The Innovation Fund sounds similar to what you did at NewSchools.

Yes, it is similar. At NewSchools, we were funding entrepreneurs who were, by and large, nonprofits or school management organizations. The Innovation Fund is for nonprofits and districts.

Is there any coordination between the Race to the Top Fund and the Innovation Fund?

There’s a lot of effort in the department to make sure that these programs are aligned and moving consistently in the same direction. That has been a problem in the past — a lot of federal programs have worked at odds with one another or in disjointed instead of complementary ways. These two programs have aligned goals. Having said that, if you’re a district in a state that wins Race to the Top, you don’t get preference in the competition for the Innovation Fund, or vice versa.

It must be exciting to see a lot of the ideas that you helped launch while at NewSchools now have the support of the federal government with billions of dollars behind it.

Yes, it’s very exciting. It definitely feels like a wonderful opportunity and a great time to be doing this work. It gives me a lot more hope for the future of education than I’ve had for a while. And I’m a pretty hopeful, optimistic person. So that’s saying a lot.

 
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COMMENTS

  • BY Gerald Ott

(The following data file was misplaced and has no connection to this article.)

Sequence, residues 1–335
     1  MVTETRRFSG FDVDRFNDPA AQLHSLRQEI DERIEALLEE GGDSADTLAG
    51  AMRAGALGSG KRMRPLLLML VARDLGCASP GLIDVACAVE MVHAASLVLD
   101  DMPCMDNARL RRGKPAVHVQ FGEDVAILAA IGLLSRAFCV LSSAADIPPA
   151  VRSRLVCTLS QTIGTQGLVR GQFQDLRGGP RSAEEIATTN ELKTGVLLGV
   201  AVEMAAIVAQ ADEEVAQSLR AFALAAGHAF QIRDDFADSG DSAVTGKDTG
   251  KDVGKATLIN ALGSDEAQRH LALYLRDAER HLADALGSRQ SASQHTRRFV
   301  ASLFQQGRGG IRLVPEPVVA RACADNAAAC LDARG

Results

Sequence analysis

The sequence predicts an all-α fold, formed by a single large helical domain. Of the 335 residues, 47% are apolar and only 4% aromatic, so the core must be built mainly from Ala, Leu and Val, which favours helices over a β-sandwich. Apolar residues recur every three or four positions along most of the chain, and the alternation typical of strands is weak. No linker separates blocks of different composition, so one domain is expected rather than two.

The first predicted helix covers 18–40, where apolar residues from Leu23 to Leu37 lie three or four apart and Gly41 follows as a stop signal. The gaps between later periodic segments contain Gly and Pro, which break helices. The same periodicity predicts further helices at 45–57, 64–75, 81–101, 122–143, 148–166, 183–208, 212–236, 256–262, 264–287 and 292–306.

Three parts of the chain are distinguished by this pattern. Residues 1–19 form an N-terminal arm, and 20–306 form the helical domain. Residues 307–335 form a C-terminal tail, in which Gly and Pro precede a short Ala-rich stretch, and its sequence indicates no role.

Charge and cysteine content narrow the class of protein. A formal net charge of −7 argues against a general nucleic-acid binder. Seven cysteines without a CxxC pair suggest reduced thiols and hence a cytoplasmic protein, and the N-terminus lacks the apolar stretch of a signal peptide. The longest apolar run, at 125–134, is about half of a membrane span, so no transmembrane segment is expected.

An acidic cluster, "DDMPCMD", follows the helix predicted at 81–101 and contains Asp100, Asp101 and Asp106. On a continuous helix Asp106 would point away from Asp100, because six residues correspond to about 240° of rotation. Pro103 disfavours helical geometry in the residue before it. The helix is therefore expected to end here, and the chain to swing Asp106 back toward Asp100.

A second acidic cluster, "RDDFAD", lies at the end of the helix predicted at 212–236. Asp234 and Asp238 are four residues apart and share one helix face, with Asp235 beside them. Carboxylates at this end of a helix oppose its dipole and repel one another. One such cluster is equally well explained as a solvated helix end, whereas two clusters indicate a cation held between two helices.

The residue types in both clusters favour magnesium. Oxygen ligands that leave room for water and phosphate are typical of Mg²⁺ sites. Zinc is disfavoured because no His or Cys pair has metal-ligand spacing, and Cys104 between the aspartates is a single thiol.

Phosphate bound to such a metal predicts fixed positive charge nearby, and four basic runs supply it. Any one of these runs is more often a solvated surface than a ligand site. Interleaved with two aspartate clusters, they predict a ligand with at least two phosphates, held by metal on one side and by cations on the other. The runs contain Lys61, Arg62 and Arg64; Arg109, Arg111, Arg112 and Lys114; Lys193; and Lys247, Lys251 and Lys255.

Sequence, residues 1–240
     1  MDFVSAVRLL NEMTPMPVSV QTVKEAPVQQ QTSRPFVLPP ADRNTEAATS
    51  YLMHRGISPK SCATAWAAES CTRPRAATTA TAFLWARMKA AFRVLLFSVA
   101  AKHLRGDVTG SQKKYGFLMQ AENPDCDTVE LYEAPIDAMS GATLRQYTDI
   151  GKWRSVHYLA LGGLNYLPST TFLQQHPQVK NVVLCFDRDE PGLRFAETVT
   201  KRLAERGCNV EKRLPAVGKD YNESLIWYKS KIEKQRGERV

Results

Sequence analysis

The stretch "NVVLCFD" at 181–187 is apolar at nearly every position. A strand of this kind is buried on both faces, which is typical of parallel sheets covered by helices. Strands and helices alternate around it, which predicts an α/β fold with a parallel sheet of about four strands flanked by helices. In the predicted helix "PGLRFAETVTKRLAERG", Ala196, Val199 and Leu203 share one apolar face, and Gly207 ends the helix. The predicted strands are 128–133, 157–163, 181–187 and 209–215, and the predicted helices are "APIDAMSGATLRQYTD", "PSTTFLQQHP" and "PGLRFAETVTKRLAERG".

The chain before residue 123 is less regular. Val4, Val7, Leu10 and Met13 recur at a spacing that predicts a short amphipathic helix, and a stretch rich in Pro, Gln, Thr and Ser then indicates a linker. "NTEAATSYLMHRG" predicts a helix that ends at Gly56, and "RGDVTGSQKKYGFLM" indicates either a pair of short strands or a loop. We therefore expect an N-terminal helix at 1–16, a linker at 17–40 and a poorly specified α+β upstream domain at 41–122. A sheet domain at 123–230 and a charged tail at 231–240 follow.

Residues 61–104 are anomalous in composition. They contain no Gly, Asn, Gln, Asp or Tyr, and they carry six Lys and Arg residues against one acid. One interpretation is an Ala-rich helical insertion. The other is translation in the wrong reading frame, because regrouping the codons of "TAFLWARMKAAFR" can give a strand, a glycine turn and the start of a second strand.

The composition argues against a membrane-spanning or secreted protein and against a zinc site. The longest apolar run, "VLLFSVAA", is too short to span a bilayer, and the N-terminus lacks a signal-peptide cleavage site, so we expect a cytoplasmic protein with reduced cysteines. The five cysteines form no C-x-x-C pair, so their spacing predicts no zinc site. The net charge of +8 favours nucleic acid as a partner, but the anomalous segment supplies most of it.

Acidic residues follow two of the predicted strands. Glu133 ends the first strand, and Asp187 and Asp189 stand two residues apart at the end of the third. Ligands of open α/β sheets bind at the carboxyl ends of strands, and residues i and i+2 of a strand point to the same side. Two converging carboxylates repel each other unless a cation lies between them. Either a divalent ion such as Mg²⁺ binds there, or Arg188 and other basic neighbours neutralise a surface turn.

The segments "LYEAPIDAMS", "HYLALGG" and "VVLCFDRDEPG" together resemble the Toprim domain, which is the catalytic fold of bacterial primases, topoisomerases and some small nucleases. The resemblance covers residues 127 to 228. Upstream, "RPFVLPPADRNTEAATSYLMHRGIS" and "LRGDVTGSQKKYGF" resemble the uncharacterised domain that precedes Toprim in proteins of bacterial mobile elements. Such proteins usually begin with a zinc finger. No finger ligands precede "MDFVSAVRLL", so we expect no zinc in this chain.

ON April 9, 2010 08:16 AM

    Iowa did not receive a RTT grant and I’m unsure (based on what I read in the paper) that IA will reapply in the second round - something about not wanting to enter into talks with the local teachers’ union over issues of school reform, and the teachers’ bug-a-boo, hooking pay to performance, topics which you don’t discuss. I can’t imagine that states would demur over the four criteria articulated above, but I have a couple comments. The link between standards and assessment: The listing of knowledge, skills and attitudes that kids should know and be able to do is lengthy, much more so than our narrow, math & reading assessment tools (those that yield the metrics that we read in the news). I would prefer that my grandchildren have a broad, liberal education, even though the standardized tests don’t yield a measure of “civility,” let’s say. And, the idea that awards should go to schools (states) that are already implementing the criteria and showing progress seems to be like giving the tax breaks to the rich. There’s little trickle down.

    The interview helped me better understand a complicated issue.

  • BY Anthony V. Manzo

    ON May 3, 2010 11:46 AM

    Obama/Duncan’s Well-Intentioned ‘Race to the Top’ Leaves Only Teachers Behind